On a hot, sunny June day, The Nature Trust of British Columbia’s South Coast Conservation Field Crew joined Dan Otway and Chris Bradford from the Pitt Waterfowlers for a day out on the water. Together, the Waterfowlers and the Crew hopped in skiffs and weaved between the meandering banks of the Alouette River, coasting along the slow-moving water.
The Alouette River is an ideal environment for Wood Ducks, with its calm waters and plentiful vegetation offering plenty of space for nesting and delicious seeds, insects and aquatic plants. Motorized watercraft are banned – the Pitt Waterfowlers are allowed to use outboard motors thanks to special permitting for their conservation work.
Chris and Dan have done their best to help duck populations by erecting nesting boxes at various points along the river. The Pitt Waterfowlers have erected and maintained over 130 nesting boxes across Pitt Meadows, a massive undertaking for them and their 30 volunteers. Our mission for the day was to travel from box-to-box and check whether or not there were eggs inside by inserting a camera through an entry hole. Wood Duck ducklings typically hatch in spring, meaning that all eggs would hopefully be hatched by our late June visit.
The day was a great success. We checked 26 nesting boxes, 11 of which showed evidence that ducklings had hatched out or that a hen was sitting on live, incubating eggs. Chris and Dan reported that the 42 per cent usage rate observed is considered successful by this point in the year. Of the other 15 boxes, most showed no signs of nesting and some demonstrated the natural threats faced by nesting Wood Ducks each spring. A number of boxes had been flooded by recent high water levels, with two containing drowned eggs that had been unable to hatch. Ducks also have a host of natural predators – one box had been torn open by a large animal, likely a bear, and its contents were lost. Another two boxes were guarded by wasps, making them inaccessible to crew members.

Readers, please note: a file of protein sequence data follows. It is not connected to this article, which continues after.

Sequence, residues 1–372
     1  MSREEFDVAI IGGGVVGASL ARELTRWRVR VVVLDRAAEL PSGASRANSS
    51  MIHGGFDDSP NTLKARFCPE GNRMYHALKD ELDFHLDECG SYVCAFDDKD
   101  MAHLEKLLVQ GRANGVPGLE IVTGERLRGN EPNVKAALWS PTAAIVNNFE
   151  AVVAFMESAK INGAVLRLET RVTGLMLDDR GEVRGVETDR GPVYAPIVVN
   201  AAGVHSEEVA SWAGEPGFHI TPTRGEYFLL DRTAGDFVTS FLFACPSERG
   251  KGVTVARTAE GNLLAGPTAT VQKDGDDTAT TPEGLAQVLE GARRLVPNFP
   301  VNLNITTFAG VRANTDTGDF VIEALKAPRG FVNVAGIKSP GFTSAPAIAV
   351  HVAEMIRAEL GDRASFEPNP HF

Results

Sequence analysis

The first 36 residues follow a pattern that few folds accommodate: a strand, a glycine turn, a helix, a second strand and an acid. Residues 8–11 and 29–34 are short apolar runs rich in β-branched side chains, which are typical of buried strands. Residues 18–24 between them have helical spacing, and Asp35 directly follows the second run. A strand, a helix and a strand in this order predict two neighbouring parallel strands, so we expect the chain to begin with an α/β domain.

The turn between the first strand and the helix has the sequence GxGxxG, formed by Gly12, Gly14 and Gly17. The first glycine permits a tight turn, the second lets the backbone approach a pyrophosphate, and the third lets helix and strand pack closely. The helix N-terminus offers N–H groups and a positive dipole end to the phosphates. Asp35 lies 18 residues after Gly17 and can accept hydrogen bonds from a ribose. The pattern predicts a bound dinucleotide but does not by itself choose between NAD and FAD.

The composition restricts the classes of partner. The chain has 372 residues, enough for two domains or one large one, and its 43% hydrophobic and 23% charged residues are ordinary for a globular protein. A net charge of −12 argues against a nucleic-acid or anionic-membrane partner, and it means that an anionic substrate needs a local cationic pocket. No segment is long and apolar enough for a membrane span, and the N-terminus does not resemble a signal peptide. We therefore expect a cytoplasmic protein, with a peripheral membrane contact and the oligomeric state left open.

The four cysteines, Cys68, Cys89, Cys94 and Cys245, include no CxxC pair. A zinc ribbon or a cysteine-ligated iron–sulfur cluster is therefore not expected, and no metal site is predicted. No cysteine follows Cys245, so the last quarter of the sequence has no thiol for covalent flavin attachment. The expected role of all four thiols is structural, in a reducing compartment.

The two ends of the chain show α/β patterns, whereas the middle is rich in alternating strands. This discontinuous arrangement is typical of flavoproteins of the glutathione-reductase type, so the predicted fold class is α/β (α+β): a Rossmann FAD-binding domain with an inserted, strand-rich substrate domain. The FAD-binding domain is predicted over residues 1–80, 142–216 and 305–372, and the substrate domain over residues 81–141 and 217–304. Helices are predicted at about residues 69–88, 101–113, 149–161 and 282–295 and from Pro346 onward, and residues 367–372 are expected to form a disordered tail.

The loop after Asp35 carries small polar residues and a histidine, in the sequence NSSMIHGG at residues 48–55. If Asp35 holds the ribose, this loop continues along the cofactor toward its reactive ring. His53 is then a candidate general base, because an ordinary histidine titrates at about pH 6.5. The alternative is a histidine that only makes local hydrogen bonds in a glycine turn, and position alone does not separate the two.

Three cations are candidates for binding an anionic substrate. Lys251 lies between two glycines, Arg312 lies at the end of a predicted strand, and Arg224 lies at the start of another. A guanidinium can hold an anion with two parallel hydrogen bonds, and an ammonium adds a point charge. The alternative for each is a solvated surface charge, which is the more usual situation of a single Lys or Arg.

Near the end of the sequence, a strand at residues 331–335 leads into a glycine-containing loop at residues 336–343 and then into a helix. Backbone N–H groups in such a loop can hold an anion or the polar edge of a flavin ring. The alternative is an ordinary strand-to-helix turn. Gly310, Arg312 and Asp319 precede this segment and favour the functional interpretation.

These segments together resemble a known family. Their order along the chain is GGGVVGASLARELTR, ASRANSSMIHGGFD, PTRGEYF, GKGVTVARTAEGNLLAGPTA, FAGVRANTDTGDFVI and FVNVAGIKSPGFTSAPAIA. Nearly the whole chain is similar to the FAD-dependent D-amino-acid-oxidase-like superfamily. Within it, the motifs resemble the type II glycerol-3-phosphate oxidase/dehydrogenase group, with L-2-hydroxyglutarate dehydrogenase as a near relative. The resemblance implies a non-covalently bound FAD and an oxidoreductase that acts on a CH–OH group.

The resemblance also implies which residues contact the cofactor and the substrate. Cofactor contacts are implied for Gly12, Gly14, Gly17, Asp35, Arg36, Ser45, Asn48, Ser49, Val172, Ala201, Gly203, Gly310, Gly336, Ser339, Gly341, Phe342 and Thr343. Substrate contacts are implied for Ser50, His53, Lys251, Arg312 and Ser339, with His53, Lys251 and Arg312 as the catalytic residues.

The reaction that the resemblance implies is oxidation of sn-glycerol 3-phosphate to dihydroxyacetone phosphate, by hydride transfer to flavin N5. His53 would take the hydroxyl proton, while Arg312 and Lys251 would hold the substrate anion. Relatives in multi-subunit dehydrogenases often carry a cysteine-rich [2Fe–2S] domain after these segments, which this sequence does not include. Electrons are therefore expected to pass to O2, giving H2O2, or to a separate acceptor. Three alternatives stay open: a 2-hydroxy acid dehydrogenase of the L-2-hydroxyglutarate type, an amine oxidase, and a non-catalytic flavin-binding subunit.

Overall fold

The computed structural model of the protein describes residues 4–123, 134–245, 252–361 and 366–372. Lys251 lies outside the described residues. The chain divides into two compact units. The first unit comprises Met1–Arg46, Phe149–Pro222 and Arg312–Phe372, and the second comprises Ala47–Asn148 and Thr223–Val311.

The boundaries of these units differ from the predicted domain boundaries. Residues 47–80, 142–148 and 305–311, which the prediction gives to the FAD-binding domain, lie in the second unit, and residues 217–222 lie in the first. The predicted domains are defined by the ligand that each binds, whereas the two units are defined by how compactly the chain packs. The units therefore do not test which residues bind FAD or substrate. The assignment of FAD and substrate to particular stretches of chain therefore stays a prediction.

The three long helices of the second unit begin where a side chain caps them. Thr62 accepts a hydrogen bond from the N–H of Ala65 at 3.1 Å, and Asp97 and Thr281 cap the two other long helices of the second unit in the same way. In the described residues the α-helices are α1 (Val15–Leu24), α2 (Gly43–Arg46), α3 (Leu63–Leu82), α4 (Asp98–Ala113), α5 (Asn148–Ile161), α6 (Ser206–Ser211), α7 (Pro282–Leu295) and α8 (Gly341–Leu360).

The Pitt Waterfowlers have been operating in Pitt Meadows since 2012, using plywood scraps from Chris’s worksites to erect bird boxes assembled by the Pitt Meadows High School woodworking shop. Chris and Dan are passionate for Wood Duck conservation, and the organization grew gradually, eventually receiving support from Ducks Unlimited, Kent Cartridge Canada and Cabelas Canada as well as The Nature Trust of BC. In 2018, Ducks Unlimited donated pine lumber to the group, allowing them to build even more nesting boxes.
While Wood Duck and Hooded Merganser populations are healthy in the Lower Mainland, an important part of conservation is maintaining that resilience. It takes the efforts of small, local organizations like Pitt Waterfowlers to ensure that this important work is not overlooked. Thank you very much to Chris and Dan for welcoming us out on the water – our continued work with them and other local organizations is a very valuable part of conservation in BC!